Sunday, 31 December 2006

Splitting Wood

Due to visitors I don't have an opportunity to go into the forest whenever I want right now. This does halt the progress on most of my projects. To weigh up I have translated one of my former articles to English. It is partially overlapping with the "Elm Bow" project.

Splitting wood is a task often needed by the primitive, especially in the construction of bigger equipment like bows and skis. But it is also useful when making something as simple as a drill. The are are to my knowledge two methods for splitting a tree: Either by pounding in a wedge into the wood from one side or an end of the piece or by chopping into the wood and splitting the piece by breaking it out of the main piece. The last method is particulary useful when you are splitting off a smaller piece of a bigger tree or when you don't have an axe.

With a wedge

To split a bigger tree to get several pieces this is the only method. For a start, an antler wedge is pounded, usually in the end, to start the crack. If the tree is small one can usually continue the split by simply seperating the two sides. If the crack shows a tendency towards running of to one side, it can be corrected by directing pressure towards the thickest side. On thicker trees this is harder to accomplish, but the problem itself is usually rarer too. By using a fork in a standing tree you can easily put leverage over on the thicker side. It does of course not work on overly large trees, but instead of just small trees you can with the aid of a fork also do the medium sized ones. If one wedge wasn't enough to make the crack go completely through the tree, pound in one from the opposite side. To make sure you get an even split, pound wedges into both sides of the crack. To save strain on your antler wedges, use wooden wedges for anything but the initial split. Below: Starting a crack from one end of the piece.

If one's plan is to split the log into even smaller pieces, one can halve the pieces the number of times needed to reach the desired size. It does however become progressively harder for every time you halve them, to keep the crack from running off to one side. Sectors are harder to halve than pieces square in cross-section. Because of this, it can be very advantageous to carve the sectors to squares to make the results more reliable. Below: The principle of guiding the crack. The thicker arrow indicates where the majority of the force should be excerted.

The same principle in practise: By using the forked tree additional force can be laid on the thicker left part.

Without wedges

This metod is difficult to explain by text only, but it is, as mentioned, very useful if you have few tools available to you. Especially if you don't have an axe. Start by sawing (with a biface for instance) halfway through the tree or branch while it's standing. When you are finished sawing you use your hand and pulls or pushes in the direction of the notch you have made. This should make the wood split in the deepest portion of the notch and you can guide the split up the tree/branch like described above. If you have no tools you can still do this if you very carefully break the sapling into the middle of it and continue as above.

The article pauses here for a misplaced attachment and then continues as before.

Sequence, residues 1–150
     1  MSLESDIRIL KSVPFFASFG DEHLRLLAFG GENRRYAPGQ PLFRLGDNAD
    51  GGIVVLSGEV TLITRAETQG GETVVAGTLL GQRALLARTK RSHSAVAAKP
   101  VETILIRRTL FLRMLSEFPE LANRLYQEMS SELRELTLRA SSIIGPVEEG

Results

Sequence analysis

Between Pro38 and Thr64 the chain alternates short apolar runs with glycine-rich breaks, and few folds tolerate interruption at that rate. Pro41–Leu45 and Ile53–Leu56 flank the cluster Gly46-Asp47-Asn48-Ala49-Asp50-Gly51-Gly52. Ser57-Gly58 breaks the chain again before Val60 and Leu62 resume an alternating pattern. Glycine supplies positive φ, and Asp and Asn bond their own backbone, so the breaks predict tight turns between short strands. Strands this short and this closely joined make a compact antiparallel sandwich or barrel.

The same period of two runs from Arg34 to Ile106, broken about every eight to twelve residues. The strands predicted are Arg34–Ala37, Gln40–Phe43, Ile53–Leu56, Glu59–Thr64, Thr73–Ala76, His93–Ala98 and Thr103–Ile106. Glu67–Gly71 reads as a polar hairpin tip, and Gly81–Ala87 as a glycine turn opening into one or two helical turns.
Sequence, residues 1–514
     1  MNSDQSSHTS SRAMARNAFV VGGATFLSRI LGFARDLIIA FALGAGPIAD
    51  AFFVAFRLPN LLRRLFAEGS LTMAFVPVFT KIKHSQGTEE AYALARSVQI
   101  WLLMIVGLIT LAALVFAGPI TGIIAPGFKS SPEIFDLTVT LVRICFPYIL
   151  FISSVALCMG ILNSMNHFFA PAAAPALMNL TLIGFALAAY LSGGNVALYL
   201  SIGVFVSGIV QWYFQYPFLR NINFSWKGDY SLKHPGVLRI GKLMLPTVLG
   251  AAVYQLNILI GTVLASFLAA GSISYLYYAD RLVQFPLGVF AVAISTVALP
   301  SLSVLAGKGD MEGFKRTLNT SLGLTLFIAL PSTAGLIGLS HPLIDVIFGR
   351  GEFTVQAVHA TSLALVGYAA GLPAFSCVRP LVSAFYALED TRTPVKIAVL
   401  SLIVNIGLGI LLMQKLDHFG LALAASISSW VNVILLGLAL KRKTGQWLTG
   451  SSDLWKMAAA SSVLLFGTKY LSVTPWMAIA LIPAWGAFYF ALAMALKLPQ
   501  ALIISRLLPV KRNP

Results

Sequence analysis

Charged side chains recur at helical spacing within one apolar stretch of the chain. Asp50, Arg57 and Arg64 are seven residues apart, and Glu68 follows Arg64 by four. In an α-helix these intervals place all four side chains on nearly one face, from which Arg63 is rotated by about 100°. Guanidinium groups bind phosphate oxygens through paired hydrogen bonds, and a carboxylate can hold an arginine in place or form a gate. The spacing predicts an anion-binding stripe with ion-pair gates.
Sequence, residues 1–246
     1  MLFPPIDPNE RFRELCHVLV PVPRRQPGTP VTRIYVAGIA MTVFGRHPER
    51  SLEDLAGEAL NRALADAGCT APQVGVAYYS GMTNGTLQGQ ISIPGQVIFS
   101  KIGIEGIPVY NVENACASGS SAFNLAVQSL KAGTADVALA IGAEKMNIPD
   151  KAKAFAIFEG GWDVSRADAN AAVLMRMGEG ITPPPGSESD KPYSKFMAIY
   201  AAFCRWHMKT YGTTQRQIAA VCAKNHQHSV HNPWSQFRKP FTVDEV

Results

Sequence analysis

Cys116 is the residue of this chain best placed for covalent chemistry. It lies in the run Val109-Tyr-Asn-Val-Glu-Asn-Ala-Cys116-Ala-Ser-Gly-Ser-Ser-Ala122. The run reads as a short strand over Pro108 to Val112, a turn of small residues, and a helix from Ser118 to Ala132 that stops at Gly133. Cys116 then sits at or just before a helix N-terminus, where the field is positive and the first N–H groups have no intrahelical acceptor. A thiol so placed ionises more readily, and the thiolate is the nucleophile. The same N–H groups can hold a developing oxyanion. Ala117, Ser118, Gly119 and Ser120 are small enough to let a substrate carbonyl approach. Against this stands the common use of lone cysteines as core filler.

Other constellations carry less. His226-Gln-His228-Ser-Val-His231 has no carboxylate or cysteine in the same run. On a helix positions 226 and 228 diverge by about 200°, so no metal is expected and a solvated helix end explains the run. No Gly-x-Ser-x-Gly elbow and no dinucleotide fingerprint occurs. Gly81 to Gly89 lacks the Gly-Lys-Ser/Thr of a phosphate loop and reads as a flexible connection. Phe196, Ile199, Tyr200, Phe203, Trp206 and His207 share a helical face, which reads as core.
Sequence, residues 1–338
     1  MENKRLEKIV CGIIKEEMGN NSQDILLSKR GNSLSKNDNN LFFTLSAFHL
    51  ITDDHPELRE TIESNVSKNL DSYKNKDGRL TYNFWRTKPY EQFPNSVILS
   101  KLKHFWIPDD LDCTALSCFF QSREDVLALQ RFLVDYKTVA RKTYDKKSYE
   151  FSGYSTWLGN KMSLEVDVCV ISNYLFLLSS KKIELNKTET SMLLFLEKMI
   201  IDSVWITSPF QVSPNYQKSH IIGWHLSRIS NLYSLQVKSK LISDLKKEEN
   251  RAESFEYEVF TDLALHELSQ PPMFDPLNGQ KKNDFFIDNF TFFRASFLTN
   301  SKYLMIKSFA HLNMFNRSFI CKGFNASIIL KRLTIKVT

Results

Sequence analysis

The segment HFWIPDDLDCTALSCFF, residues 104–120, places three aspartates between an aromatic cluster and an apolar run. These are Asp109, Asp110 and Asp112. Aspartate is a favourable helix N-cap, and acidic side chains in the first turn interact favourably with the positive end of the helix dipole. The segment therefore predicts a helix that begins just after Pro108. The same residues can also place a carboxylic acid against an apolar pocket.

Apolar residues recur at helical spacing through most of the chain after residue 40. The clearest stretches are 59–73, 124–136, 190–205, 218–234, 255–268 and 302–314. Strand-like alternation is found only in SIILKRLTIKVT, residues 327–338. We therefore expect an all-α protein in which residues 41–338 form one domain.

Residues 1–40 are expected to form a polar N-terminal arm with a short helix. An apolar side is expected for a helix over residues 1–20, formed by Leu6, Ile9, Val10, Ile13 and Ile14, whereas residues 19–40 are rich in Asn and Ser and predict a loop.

If you don't need the whole tree, but you need a broad and flat piece, you can take the more ecological approach by splitting out a piece of the trunk without cutting down the whole tree. I rarely use this method, and it does require quite good tools. Make a cut into the tree in the upper and lower end of the piece you want to split and hammer an antler wedge into either or both of the notches to pop it free from the main trunk. It is an excellent method for splitting bowblanks out of large trees (for low crowns) and will often not kill the trees themselves, especially if the trees are conifers.

To most purposes you want as straight grained wood as you can get, I will because of that mentioned a few guidelines for seeing whether the grain is straight before you cut down the tree itself. Some species are generally more straight grained than others. Examples of these are spruce and pine. A wood notorious for it's twistedness is rowan and I have to this date yet to find a piece that was perfectly straight grained. It is easier to find straight grained wood growing on flat ground and in dense stands.

There are in general three signs, on which you can see whether the tree has straight grain or not:

  • Is the trunk straight and even? If not, chances are the grain itself isn't either.
  • Do the fissures in the bark go vertically towards the ground rather than spirally? That is a good sign as the bark usually has the same direction as the wood behind it.
  • Are the branches aligned vertically on top of each other. If the wood is twisted, the branches are often placed in a slight spiral on the trunk.

Illustrations will be posted tomorrow. Happy New Year!